Tokyo shares retreated on Monday as the yen climbed against the dollar following a worse-than-expected US jobs report, while oil prices climbed after Saudi Arabia said demand was picking up.
With several major markets shut for public holidays and Wall Street closed Friday, trading was thin with few catalysts to spur business.
In early trade Tokyo slipped 0.25 percent while Seoul gained 0.30 percent and Singapore was flat.
Shanghai, Hong Kong, Bangkok, Taipei, Sydney and Wellington were closed.
The US Labor Department's monthly non-farm payrolls report on Friday showed just 126,000 new jobs were created in March, half of what was expected and the weakest growth since December 2013.
The figures hinted at a possible slowdown in the world's top economy and will make it highly unlikely the Federal Reserve will raise interest rates earlier than September.
Analysts put the weak figures down to the impact of a strong dollar, cold weather and falling oil prices.
The news weighed on the dollar, which has been rallying in recent weeks on expectations the Fed would hike rates by the summer.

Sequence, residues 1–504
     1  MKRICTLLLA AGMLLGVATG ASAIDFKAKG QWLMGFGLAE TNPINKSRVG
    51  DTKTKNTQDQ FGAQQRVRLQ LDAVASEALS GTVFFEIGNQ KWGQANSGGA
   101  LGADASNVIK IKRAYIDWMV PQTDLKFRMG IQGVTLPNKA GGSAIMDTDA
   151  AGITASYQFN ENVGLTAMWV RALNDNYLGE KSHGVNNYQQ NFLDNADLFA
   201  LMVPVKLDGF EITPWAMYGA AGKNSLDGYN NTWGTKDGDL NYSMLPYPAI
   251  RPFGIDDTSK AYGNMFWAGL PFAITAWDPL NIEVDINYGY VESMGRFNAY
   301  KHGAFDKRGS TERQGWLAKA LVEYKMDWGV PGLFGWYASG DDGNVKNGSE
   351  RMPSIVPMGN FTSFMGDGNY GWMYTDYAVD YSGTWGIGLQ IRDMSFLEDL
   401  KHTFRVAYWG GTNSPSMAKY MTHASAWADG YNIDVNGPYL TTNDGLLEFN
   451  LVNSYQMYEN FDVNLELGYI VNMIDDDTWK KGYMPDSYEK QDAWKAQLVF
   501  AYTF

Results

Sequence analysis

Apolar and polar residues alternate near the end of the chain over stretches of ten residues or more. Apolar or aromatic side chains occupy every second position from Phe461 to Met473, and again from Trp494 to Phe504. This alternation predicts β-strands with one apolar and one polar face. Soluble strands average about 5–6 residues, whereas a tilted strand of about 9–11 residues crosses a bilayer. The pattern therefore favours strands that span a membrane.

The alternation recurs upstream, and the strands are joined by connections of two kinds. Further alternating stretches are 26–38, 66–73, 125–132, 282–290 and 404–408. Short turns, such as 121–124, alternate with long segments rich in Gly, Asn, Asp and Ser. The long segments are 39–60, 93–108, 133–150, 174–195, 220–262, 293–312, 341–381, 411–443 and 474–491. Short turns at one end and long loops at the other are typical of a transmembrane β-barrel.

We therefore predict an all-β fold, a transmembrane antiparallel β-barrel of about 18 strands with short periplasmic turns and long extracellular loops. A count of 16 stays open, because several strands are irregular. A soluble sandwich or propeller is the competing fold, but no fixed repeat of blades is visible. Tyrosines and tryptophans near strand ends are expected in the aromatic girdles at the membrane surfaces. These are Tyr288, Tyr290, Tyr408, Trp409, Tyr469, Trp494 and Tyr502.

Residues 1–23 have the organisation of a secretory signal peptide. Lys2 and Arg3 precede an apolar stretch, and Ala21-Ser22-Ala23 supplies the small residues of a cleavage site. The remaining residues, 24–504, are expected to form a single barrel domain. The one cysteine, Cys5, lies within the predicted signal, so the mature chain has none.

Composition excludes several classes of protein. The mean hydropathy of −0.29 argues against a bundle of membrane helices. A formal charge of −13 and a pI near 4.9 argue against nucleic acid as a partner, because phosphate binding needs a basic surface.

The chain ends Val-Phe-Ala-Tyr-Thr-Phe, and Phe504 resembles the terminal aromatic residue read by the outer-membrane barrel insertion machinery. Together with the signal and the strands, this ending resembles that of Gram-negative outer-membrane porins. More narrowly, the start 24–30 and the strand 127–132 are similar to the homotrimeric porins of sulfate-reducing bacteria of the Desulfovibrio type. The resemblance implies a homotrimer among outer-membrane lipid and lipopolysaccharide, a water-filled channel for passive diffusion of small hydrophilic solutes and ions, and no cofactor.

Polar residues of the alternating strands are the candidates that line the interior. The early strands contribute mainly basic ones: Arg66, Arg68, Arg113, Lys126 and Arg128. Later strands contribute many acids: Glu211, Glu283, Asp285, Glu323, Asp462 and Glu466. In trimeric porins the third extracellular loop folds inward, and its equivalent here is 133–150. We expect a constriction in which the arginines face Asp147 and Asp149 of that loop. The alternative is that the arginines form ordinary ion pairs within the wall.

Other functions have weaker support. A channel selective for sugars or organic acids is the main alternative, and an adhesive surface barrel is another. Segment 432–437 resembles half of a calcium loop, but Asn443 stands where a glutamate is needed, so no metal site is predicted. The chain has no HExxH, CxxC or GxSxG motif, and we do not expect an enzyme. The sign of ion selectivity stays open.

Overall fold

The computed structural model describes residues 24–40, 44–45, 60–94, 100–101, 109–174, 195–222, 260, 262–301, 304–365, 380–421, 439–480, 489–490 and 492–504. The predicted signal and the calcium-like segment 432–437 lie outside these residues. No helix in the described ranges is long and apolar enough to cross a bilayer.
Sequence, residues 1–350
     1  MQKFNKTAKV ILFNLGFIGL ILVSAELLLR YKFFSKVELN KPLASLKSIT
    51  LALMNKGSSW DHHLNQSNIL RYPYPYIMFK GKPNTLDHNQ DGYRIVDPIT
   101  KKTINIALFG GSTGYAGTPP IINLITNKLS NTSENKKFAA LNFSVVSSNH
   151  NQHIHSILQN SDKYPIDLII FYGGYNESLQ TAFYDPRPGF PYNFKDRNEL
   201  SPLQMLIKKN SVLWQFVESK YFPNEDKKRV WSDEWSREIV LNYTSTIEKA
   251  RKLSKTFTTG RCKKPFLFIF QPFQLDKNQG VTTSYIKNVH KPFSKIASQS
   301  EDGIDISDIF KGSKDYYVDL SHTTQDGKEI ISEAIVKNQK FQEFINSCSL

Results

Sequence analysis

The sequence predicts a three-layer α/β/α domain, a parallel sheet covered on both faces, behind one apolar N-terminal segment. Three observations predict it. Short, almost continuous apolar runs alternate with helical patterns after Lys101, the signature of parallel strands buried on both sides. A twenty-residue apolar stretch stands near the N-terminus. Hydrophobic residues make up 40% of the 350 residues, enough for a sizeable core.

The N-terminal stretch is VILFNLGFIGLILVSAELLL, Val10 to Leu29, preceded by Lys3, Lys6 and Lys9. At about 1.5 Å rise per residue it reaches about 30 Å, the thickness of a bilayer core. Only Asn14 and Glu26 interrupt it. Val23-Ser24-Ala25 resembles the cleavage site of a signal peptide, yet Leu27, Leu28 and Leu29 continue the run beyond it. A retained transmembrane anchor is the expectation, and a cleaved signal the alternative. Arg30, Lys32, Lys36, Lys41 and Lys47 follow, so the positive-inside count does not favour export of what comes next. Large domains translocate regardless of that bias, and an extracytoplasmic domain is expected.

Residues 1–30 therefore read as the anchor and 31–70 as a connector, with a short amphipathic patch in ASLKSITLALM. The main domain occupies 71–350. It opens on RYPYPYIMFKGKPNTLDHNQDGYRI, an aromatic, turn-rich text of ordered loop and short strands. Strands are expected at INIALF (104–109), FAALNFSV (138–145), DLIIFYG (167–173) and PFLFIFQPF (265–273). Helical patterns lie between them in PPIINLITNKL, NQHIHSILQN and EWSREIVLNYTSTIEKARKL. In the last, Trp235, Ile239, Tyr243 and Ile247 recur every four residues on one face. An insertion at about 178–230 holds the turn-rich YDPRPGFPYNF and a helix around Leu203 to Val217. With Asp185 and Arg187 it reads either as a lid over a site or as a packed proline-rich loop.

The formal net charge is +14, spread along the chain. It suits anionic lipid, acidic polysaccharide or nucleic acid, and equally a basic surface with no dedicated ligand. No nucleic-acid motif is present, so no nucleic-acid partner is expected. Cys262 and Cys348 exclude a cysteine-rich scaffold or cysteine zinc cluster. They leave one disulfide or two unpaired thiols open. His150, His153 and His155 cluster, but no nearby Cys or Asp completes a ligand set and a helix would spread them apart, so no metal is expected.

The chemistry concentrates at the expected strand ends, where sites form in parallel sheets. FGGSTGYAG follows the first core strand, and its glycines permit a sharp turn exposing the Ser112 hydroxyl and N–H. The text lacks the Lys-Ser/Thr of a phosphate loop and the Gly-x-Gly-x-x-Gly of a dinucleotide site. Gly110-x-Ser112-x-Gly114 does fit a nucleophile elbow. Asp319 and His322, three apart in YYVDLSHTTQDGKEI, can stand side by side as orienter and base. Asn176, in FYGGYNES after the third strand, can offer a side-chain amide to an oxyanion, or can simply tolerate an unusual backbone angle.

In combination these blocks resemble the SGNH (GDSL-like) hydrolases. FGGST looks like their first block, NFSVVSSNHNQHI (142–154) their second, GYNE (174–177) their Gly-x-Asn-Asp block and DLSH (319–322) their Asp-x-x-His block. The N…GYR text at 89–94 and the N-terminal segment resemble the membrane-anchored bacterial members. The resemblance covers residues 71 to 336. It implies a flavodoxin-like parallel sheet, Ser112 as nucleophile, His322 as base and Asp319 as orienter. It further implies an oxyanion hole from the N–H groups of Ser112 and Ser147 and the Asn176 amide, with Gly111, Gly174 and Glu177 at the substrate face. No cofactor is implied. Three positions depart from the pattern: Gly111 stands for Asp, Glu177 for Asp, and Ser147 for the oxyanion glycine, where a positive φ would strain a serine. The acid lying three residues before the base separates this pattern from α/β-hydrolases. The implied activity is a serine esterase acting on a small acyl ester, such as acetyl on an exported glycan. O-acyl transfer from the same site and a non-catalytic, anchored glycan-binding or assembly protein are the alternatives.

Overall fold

The dollar tumbled to 119.15 yen Monday from 119.62 yen in Tokyo on Friday, while the euro climbed to $1.0977 from $1.0879. The single currency was also at 130.77 yen from 130.16 yen.
A pick-up in the yen pushed Japanese exporters down as it makes their goods more expensive abroad.
"We should see a correction in Japanese stocks as the stronger yen pushes down exporters," Shoji Hirakawa, chief equity strategist at Okasan Securities Co. in Tokyo, told Bloomberg News.
"The US economy has hit a soft patch due to the stronger dollar and weaker oil. First-quarter earnings and gross domestic product probably won't be good."
Oil prices rose after major producer Saudi Arabia jacked up prices for all May sales to Asia, saying demand was improving.
US benchmark West Texas Intermediate was up 87 cents at $50.01 while Brent added $1.02 to $55.97.
Crude was also being supported by expectations that any new oil from Iran would not likely come on to the market for some time as Tehran's recent nuclear deal with the West is still to be finalised, meaning sanctions on the country will be left in place.
Gold fetched $1,216.34 against $1,200.50 late Friday.